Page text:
Conflicts are almost never simple "us-versus-them" stories—they are much more complex.  It is impossible to confront a conflict constructively if you don't accurately understand what is going on.  BI and MBI have a number of resources that help advocates develop a better understanding of the conflict they are involved in. For example, we suggest people read or watch the following: 

  • See the Complexity It's not Just "Us versus Them"— Parties, issues, dynamics, power, and relationships are among the conflict elements one must clearly understand. 
  • Map the Basic Conflict Elements — Conflict mapping lets you see what's going on in a conflict, so you can figure out how to engage to have the most positive impact. 
  • Conflict Assessment — Conflict assessment is the first stage in the process of conflict management and resolution that begins by clarifying participants' interests, needs, positions, and issues and then engages stakeholders to find solutions.  This is something that advocates as well as intermediaries need to do.
  • Conflict Mapping — Conflict mapping is one approach to conflict assessment. Originally developed in the 1970s by Paul Wehr, it has been adapted and used by many scholars and practitioners since. Many others have developed their own conflict assessment "tools," with 100s of different categories. But Wehr's approach to complex mapping is one of the simpler and easier to use tools and is a good example of the kinds of things people should look at as they become engaged in or start to study a particular conflict.
  • Graphical Conflict Mapping Using PowerPoint, Prezi, and Websites —  An explanation with examples of different fairly widely known programs that can be used for effective conflict mapping.
  • Systems Modeling — One of the central challenges of deciding how to address intractable conflict is to understand how to respond to their dynamics and complexity. Systems modeling is one tool to help you do that.  This article explains systems modeling and gives several examples of how it can be used to design effective interventions in intractable conflicts.
  • Identify the Core Issues — Wonder why conflict mapping matters?  This video shows how it can totally change your approach to a conflict.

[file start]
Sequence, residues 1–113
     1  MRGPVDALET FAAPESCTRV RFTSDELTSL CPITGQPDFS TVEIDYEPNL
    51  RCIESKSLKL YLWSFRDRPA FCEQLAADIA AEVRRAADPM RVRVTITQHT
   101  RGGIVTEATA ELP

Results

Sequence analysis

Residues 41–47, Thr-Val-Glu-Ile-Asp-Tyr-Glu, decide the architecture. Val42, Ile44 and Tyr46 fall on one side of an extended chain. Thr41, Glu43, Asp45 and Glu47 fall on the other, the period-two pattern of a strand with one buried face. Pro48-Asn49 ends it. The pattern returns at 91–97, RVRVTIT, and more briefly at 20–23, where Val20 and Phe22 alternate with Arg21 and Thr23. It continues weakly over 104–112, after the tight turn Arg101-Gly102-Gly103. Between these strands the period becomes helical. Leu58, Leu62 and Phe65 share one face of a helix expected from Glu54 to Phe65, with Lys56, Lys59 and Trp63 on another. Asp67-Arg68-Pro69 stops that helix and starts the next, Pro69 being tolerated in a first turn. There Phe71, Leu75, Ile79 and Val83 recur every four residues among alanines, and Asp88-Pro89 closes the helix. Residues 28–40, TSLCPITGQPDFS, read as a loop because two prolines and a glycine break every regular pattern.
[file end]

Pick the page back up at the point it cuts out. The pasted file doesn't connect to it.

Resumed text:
• Identify the Overlay Issues — This, too, shows why conflict mapping matters as it helps explain why simple, quick "solutions," never work in intractable conflicts.  At the same time it explores what DOES need to happen to tackle such conflicts effectively.

Determine Your Goals

I frequently tell my students that you can't get to your destination if you don't know where you are going.  To do that, you need to identify your goals in a conflict in a more sophisticated way than a simple, "I want to win!" The following videos and articles all get at the notion of goals in a variety of different ways.

  • Setting Goals -- Just as you cannot walk to a destination if you do not know where it is, you cannot achieve your goals if you do not know what they are. For this reason, goal setting is an important part of conflict management and resolution.
  • Interests, Positions, Needs, and Values — Interests are people's desires-—the things they want to achieve in a conflict or dispute. In their best-selling book, Getting to Yes, Roger Fisher and William Ury assert that almost all adversaries have negotiable interests; it is only when the conflict becomes about rights, values, or power that it become intractable.
  • Justice: Many intractable conflicts are described as being struggles for "justice." Determining what "justice" means, or how to get it, however, is not straightforward.
    • Principles of Justice and Fairness — It's common sense that justice is central to any well-functioning society. However, the question of what justice is and how to achieve it are more difficult matters. This essay begins to explore the conundrum.
    • Types of Justice — Different spheres of society approach justice differently. This essay breaks justice down into four types: distributive, procedural, retributive, and restorative and briefly explains the meaning of each as an introduction to the more detailed essays that follow. 
      • Retributive Justice — Retributive justice promises punishment or "retribution" for wrongdoing.
      • Procedural Justice — Procedural justice describes approaches that define justice not by a fair outcome but by a fair process (e.g. "due process").
      • Distributive Justice — When people believe that they are not receiving their fair share of the goods and services produced by a society they feel a sense of injustice. Distributive justice is the attempt to create a fair and equitable division of society's wealth and status.